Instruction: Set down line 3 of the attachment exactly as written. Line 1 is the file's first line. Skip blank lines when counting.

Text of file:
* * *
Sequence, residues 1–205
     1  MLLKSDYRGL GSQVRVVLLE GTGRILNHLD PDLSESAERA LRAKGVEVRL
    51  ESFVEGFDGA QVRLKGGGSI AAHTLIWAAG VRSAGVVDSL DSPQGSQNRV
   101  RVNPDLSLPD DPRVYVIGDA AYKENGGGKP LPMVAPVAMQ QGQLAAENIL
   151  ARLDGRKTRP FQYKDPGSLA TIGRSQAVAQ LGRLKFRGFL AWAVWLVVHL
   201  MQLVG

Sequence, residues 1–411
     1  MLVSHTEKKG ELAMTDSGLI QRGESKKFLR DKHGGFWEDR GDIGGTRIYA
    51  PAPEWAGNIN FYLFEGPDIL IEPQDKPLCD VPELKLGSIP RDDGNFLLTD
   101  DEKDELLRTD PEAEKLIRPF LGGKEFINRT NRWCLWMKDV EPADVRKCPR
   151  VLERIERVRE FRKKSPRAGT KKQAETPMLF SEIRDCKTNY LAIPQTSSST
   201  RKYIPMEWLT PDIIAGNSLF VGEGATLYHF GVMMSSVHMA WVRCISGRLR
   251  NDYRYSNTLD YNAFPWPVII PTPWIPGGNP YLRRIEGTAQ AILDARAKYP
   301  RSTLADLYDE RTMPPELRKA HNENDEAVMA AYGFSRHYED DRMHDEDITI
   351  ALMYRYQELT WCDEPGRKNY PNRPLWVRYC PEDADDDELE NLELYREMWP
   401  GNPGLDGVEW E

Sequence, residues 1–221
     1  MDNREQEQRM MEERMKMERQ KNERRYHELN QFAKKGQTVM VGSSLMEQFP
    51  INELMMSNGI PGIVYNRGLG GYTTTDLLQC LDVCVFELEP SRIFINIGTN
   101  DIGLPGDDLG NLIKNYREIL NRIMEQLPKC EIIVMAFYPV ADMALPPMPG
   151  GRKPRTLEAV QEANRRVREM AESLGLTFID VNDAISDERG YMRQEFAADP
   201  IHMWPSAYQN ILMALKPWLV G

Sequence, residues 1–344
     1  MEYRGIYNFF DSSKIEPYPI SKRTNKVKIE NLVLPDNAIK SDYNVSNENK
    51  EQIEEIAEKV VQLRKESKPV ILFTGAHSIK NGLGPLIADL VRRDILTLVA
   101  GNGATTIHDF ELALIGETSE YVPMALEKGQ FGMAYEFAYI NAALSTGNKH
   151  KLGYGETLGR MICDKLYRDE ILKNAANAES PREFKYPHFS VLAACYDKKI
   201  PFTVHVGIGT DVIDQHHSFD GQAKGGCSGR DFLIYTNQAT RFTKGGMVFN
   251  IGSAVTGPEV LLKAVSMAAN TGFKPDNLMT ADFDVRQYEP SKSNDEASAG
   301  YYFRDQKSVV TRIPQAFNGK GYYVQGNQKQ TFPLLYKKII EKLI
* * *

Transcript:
    51  ESFVEGFDGA QVRLKGGGSI AAHTLIWAAG VRSAGVVDSL DSPQGSQNRV